Jesus:
By faith are we saved, lest any man should boast.


Socrates:
Faith. What do you mean by faith?


Jesus:
We must believe without asking for proof. We must not be doubting Thomases. If we believe in God, we will be paid back for all our trials and tribulations a thousandfold when we get to heaven.


Socrates:
You say we should believe whatever we are told, without investigating it or examining it; we should be gullible? If I did this, I should give my purse to every man on the street who promised to return it to me a thousandfold. I would be a fool to do as you say. And here you are not asking me to give mere money, but to dedicate the whole of my life to one undertaking and one purpose without ever considering the value of the undertaking. A thief demands my money by threatening my life. You demand my life by threatening me with torture and promising me paradise. I am not a meek and gullible fool to be led whither I am told by empty promises and threats.


Jesus:
The meek shall inherit the earth.


Socrates:
The meek are slaughtered and made slaves like the women and children of a defeated nation.


Jesus:
You must not question God!


Socrates:
I have never met this gentleman, and therefore can not question him. I am questioning you who claim to represent him, to determine whether or not you really do.


Jesus:
We must believe the Bible, the Scripture, the Word of God; by faith without expecting to be able to understand and without asking for proof.


Socrates:
It is impossible for a man to not choose. You are aware that there are several thousand religions in the world? If we believe by faith, we would have to accept them all; yet they are all different, and that would be impossible. It would be like believing that the world was round and flat at the same time. Certainly, you don't practice what you preach; for then you would have believed that the Jewish religion and the Old Testament were right and not started this new heretical religion of your own. Or yesterday when Athena's priests admonished you in the street to stop preaching your heresy; you would have believed in the Greek religion of the Olympic Gods because it was first and you should believe it by faith because they told you it was true.


Jesus:
By faith are we saved lest any man should boast.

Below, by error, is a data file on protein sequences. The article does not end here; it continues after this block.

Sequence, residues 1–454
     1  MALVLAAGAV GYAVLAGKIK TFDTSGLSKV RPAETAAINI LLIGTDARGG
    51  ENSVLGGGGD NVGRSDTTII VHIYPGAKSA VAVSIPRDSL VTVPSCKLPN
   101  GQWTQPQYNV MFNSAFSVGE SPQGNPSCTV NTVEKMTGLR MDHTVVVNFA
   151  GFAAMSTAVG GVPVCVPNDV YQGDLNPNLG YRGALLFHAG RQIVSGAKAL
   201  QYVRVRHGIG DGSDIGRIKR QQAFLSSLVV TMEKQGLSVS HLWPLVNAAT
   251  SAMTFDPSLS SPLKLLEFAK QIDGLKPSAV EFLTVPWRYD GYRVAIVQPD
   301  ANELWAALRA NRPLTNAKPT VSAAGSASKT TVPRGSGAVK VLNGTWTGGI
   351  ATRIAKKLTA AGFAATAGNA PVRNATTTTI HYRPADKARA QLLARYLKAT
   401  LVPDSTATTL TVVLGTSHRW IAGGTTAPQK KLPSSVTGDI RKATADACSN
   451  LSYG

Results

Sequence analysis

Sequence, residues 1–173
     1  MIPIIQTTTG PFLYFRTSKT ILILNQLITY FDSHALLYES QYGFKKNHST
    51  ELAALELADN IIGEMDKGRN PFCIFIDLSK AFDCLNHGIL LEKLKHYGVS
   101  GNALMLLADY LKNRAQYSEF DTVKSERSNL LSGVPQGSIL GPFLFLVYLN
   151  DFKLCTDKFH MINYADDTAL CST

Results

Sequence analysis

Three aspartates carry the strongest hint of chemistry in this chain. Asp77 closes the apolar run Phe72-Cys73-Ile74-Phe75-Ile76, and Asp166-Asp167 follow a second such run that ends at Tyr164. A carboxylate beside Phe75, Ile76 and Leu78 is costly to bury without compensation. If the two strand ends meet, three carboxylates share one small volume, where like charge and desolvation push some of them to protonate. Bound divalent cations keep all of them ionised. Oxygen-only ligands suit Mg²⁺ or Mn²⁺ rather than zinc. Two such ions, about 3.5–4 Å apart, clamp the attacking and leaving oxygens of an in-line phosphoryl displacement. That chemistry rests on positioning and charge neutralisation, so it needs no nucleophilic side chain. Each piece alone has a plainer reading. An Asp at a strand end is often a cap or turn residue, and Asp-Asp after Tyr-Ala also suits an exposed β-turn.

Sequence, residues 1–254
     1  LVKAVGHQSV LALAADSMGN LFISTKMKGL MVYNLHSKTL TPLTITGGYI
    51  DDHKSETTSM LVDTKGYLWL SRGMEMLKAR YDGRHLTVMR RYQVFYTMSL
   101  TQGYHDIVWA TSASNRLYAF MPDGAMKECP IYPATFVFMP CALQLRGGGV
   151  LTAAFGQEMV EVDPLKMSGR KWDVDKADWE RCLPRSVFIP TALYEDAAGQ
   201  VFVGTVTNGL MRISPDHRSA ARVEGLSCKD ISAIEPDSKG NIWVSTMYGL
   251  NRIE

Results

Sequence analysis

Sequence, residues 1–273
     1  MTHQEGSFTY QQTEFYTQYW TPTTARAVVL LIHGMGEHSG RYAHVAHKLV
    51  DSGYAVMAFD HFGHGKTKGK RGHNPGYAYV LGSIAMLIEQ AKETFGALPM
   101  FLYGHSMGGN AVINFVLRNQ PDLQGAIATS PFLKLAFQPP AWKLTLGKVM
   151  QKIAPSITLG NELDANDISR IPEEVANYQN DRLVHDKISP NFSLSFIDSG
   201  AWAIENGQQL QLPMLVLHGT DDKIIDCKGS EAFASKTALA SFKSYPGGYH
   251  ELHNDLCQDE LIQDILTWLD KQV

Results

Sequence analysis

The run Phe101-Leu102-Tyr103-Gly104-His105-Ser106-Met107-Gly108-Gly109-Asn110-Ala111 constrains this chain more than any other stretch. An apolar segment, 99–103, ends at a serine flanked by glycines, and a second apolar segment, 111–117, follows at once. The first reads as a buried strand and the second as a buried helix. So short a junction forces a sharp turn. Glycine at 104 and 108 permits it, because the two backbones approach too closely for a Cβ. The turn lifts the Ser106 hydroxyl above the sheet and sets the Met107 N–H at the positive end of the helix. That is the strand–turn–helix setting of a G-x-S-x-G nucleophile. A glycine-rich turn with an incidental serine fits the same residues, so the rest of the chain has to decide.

Socrates:
Let me give you a specific example. Suppose the Oracle of Delphi told me a certain person was guilty of killing and raping my wife and that I should kill him or else he will kill me, fearing that I will discover his crime and kill him; and you tell me 'thou shalt not kill.' You tell me that I must believe by faith by whatever I am told. Following your injunction, I must kill the man because of my faith in the Oracle of Delphi and I must not kill the man because of my faith in Lord God. For I cannot both kill the man and not kill the man because they are contradictory. Therefore, I cannot believe in both the Oracle of Delphi and the Lord God. Therefore, it is impossible for me to believe anything by faith alone. There is an intellectual choice that you and I and all men make, whether it is voluntary or not, as to what we believe. What would you rather do: make choice by thinking, discussing and considering all the aspects of the problem or by blindly denying that there is any choice necessary? This choice is the most important one in a man's life because the answer to the question, "what is the purpose of life?" determines the whole course of a man's life. If a man is to direct his every move by his religion, as you advocate, then certainly, he must put a great deal of thought into his choice of religions. Let me tell you a parable: If you are to go from one city to another on some task that involves your whole life, would it not be wise to consider all the routes, whether some of them are frequented by robbers, whether there is not a closer or safer city to go to, or , indeed, whether there is any city there at all?


Jesus:
If you, honestly wish to know the truth about God, creation and the purpose of life, there is a very simple way to discover the truth. All you have to do is ask God to come into your heart. If you sincerely wish to know the truth about God, the holy spirit will come into your being and you will become one with God. At that moment, you will gain heavenly knowledge and peace; and when you die, you will go to heaven and live forever in happiness and contentment.


Socrates:
I long to know the truth. What is it exactly that I must do and say in order to gain this knowledge and wisdom? How do I address him?


Jesus:
Say, "Lord come into my heart and give me the wisdom to understand the truth."


Socrates:
You say that by merely repeating this, I will gain knowledge about the purpose of life?


Jesus:
Yes. The Lord says seek and you shall find, ask and it shall be answered, knock and it shall be opened unto thee. God has promised to show the truth to anyone who asks.


Socrates:
Lord come into my heart and give me the wisdom to understand the truth.